Like any other activity, materials and techniques used it the Fine Arts can pose significant dangers to the artist, and others in the studio. The procedures discussed here are taken directly from OSHA regulations discussed in depth in other policy documents.
Chemical hazards in particular are very common, since art materials can contain a wide variety of toxic ingredients. These include solvents in paints, inks, thinners and paint removers; heavy metals like lead and cadmium in pigments, pottery glazes, copper enamels and silver solders; dusts like silica and asbestos in clays, talcs and glazes; dyes; acids and alkali in dyeing assistants, intaglio etches, and pickling baths; and many more.
Depending on the type of art materials used, artists can develop the same types of occupational diseases as industrial workers. Studies have shown that people who work with hazardous art chemicals can develop dermatitis, lead poisoning, silicosis, liver and kidney damage, nerve damage, reproductive problems, carbon monoxide poisoning, cancer and other ailments. The risk of chemical hazards is directly linked to the following factors:
- Duration and frequency of exposure
- Chemical toxicity
- Quantity of chemical exposed to
Artists are exposed to graphic media hazards through skin contact, inhalation and ingestion, and must take every precaution whenever working with certain graphic media materials:
- Read and understand the Material Safety Data Sheet (MSDS) prior to using any art media.
- Wear protective clothing and equipment as recommended in the MSDS.
- Whenever possible, substitute nontoxic or less toxic solvents and chemicals for hazardous materials.
- Never eat, drink or smoke when working with art chemicals/materials.
Solvents - Solvents are used to dissolve oils, resins, varnishes and inks. They are also used to remove paint and lacquer. Due to their common usage, solvents are one of the most underrated exposure hazards. Most organic solvents are poisonous if swallowed or inhaled in sufficient quantities. They also cause dermatitis (or skin inflammation) and narcosis (a numbing, drowsiness or unconsciousness).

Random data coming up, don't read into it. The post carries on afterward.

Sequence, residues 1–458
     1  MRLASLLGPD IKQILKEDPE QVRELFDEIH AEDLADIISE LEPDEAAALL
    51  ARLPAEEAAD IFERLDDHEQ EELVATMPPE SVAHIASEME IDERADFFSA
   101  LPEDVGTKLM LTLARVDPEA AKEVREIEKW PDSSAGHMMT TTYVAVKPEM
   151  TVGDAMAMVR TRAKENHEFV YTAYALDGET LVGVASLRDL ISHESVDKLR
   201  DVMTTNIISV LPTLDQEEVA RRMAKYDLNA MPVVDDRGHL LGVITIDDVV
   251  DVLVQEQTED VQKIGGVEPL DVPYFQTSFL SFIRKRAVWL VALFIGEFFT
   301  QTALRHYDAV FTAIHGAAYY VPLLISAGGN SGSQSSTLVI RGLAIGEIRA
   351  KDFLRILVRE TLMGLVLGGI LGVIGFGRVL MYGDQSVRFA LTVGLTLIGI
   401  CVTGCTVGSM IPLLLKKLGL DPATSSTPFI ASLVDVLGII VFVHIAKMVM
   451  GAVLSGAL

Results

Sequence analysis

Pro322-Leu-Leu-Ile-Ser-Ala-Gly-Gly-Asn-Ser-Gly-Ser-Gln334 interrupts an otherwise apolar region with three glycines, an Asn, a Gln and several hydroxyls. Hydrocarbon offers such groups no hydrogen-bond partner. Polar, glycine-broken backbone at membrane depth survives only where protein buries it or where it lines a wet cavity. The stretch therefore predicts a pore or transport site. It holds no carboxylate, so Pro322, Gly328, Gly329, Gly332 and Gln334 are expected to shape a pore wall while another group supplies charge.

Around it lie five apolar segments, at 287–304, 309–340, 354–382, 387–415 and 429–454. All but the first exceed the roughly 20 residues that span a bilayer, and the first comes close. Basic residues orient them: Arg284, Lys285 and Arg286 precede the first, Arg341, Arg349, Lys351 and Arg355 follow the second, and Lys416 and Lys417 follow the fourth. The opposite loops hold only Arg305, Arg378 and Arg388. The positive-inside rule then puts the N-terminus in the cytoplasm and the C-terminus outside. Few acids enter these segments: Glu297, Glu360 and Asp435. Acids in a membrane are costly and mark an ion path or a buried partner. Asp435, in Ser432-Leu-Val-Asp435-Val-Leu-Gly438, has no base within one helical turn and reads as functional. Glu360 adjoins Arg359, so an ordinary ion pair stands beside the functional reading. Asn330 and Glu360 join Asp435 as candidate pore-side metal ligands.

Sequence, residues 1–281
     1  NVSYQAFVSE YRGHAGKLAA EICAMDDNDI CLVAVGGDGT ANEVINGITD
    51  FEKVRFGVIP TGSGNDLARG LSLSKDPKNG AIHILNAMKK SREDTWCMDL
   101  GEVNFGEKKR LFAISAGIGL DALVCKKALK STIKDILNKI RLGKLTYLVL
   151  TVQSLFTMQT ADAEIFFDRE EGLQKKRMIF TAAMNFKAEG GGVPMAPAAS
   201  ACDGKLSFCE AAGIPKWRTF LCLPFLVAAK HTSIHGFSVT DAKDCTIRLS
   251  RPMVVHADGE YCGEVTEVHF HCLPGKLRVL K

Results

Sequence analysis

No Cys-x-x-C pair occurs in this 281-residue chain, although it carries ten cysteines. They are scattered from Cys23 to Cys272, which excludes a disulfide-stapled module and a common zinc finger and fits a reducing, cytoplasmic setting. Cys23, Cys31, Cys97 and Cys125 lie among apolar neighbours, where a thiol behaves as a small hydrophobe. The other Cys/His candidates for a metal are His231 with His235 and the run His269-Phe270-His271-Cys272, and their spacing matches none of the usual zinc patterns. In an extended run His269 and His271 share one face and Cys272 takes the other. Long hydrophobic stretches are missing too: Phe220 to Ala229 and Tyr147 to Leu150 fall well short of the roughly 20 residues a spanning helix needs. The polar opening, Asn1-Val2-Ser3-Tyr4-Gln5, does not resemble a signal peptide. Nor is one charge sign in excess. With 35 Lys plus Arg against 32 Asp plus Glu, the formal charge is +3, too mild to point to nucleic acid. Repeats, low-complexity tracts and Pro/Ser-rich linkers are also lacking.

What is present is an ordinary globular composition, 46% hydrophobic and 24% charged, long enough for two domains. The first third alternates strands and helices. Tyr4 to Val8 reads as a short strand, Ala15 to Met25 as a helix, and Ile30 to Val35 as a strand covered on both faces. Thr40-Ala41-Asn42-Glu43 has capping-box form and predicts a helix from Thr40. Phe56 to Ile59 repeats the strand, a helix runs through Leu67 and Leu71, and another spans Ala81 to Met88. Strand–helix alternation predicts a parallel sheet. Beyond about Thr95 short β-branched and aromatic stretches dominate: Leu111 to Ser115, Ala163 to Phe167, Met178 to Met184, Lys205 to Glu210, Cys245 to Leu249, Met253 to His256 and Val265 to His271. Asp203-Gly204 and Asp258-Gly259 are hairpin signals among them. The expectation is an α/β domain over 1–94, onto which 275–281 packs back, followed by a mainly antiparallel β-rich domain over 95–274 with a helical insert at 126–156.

Always use the least toxic solvent possible. Denatured or isopropyl alcohol, acetone and odorless mineral spirits are less toxic than solvents such as xylene or ethylene.
Aerosol Sprays - Aerosol sprays - such as fixatives, spray paint and spray adhesives - are extremely dangerous if the fine mists produced by these products are inhaled. Air brushes and spray guns are equally hazardous. Use aerosol sprays in a well-ventilated area and wear a respirator with a filter cartridge appropriate for the hazard. Contact the Director of EH&S for assistance.
Corrosives - The acids and alkali used in ceramics, photo chemicals, paint removers and similar materials can be very corrosive to the skin, eyes, respiratory system and gastrointestinal system. Likewise, the acids and alkali used to etch metals and glass can be very dangerous. Strong acids, such as hydrochloric, sulfuric, nitric and perchloric acid, require special handling as outlined in the MSDS. Alkalies, such as caustic potash, caustic soda, quicklime and unslaked lime also require special treatment. Remember, because of the strong thermal reaction, always add acid to water, not water to acid.